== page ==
October 9, 2023 | Tax Relief
IRS Form 9423 and the Collection Appeals Program
When it comes to collecting debts, nobody beats the IRS. One reason the IRS is so good and recovering unpaid taxes is because the agency has powerful tools at its disposal, such as tax liens and levies. Yet the IRS isn’t perfect, and they sometimes get it wrong when trying to collect taxes.
Because the IRS sometimes makes mistakes, there are programs in place to allow taxpayers to explain why the IRS should stop trying to collect a tax debt. One such program is the Collection Appeals Program (CAP), which the tax law firm of Timothy S. Hart Law Group, P.C. can help you take advantage of when fighting the IRS.
An Overview of the IRS Appeals Process
When the IRS tries to collect money from a taxpayer, there’s a complicated and intricate process they have to follow. These procedures include the type and number of notices they have to send the taxpayer, the information they must provide, and the amount of time they must provide the taxpayer to respond or contest what the IRS is trying to do.
After the IRS decides to start collecting a tax debt, there’s often an appeals process in place. Two of the most common are the Collection Due Process (CDP) and the Collection Appeals Program (CAP). To help you decide which option is right for you, this post looks at CAP, it explains when to use CAP, and then, it outlines the differences between these two options.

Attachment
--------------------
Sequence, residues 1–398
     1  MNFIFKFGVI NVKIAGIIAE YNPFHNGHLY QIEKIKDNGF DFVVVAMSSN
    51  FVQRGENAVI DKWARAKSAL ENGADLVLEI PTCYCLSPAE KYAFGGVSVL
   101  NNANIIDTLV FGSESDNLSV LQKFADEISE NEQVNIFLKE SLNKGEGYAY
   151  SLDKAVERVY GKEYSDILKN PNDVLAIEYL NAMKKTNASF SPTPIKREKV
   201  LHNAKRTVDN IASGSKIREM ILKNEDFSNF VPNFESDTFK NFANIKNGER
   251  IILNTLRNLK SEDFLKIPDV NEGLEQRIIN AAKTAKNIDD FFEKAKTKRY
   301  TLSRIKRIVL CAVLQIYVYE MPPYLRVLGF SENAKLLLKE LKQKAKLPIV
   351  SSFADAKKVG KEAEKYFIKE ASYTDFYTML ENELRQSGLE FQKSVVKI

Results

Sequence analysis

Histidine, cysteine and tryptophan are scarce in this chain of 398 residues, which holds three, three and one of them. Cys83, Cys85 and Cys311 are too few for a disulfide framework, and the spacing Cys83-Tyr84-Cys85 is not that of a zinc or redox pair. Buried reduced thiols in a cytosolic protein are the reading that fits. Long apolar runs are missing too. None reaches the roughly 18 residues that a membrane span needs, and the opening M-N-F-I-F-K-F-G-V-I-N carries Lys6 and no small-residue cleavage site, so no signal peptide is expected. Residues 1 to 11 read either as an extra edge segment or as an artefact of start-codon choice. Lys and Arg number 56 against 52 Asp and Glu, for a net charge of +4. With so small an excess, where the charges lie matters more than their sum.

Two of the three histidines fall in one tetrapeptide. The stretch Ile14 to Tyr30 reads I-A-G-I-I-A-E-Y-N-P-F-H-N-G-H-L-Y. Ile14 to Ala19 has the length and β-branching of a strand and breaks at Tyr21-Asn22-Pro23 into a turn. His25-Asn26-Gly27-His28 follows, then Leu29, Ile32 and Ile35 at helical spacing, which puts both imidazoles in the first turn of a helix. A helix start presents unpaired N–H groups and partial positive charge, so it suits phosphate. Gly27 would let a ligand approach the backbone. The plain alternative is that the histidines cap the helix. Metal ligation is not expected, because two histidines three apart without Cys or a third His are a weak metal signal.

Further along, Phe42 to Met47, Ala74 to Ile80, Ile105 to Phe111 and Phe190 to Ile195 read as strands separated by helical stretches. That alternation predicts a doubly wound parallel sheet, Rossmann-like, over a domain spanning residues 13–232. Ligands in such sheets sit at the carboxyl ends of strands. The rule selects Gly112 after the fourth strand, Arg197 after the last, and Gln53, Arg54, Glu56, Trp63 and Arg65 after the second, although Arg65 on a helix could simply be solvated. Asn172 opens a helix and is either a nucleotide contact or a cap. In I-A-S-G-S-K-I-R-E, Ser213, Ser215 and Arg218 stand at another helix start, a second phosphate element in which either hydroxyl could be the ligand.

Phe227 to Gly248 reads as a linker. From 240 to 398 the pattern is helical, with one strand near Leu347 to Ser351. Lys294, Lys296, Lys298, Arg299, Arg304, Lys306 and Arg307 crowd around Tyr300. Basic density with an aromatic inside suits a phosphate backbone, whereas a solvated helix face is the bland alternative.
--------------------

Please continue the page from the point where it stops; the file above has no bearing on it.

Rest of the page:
What Is the Collection Appeals Process?
The Collection Appeals Process is an IRS program that allows taxpayers to appeal certain collection actions. CAP lets taxpayers explain why the IRS should not move forward with the proposed collection action and suggest alternatives.
What Is Form 9423?
This is the form that you use to appeal certain collection actions. Before filing Form 9423, you should request to speak with a manager. If they cannot resolve your issue, you should file this form as soon as possible.
When You Can Use the IRS Collection Appeals Program
CAP is available for disagreements concerning levies, seizures, liens, and installment agreements, but only at certain points during each collection action. For example, the CAP won’t apply if you want to challenge the amount of the tax debt. The following sections provide greater detail as to when the CAP is available.
Federal Tax Liens
You may use CAP to appeal the proposed filing of a Notice of Federal Tax Lien, the actual filing of a Notice of Federal Tax Lien, or the IRS’ denial of a request to withdraw a Notice of Federal Tax Lien. In some situations involving an alter ego or nominee property subject to a tax lien, third parties can utilize the CAP, too.
Federal Tax Levies
CAP is available before or after the IRS levies your property. If your money has already been sent to the IRS (following a wage or bank account levy, for instance) and the IRS refuses to give it back, you can appeal the IRS denial of your request to have your money returned to you.
Seizure of Property by the IRS